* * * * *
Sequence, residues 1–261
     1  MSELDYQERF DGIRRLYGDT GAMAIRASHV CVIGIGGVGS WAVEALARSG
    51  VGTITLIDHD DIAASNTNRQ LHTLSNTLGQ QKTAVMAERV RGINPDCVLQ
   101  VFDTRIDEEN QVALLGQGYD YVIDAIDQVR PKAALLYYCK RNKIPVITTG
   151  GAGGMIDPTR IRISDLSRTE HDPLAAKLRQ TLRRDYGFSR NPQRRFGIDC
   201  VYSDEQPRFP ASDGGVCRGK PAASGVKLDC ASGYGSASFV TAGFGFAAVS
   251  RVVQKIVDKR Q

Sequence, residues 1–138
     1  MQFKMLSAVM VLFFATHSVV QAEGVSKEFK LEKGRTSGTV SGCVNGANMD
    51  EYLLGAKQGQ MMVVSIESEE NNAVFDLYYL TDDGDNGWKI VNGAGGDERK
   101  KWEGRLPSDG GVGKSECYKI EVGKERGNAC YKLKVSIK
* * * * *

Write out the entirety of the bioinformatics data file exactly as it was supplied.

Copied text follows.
Sequence, residues 1–261
     1  MSELDYQERF DGIRRLYGDT GAMAIRASHV CVIGIGGVGS WAVEALARSG
    51  VGTITLIDHD DIAASNTNRQ LHTLSNTLGQ QKTAVMAERV RGINPDCVLQ
   101  VFDTRIDEEN QVALLGQGYD YVIDAIDQVR PKAALLYYCK RNKIPVITTG
   151  GAGGMIDPTR IRISDLSRTE HDPLAAKLRQ TLRRDYGFSR NPQRRFGIDC
   201  VYSDEQPRFP ASDGGVCRGK PAASGVKLDC ASGYGSASFV TAGFGFAAVS
   251  RVVQKIVDKR Q

Sequence, residues 1–138
     1  MQFKMLSAVM VLFFATHSVV QAEGVSKEFK LEKGRTSGTV SGCVNGANMD
    51  EYLLGAKQGQ MMVVSIESEE NNAVFDLYYL TDDGDNGWKI VNGAGGDERK
   101  KWEGRLPSDG GVGKSECYKI EVGKERGNAC YKLKVSIK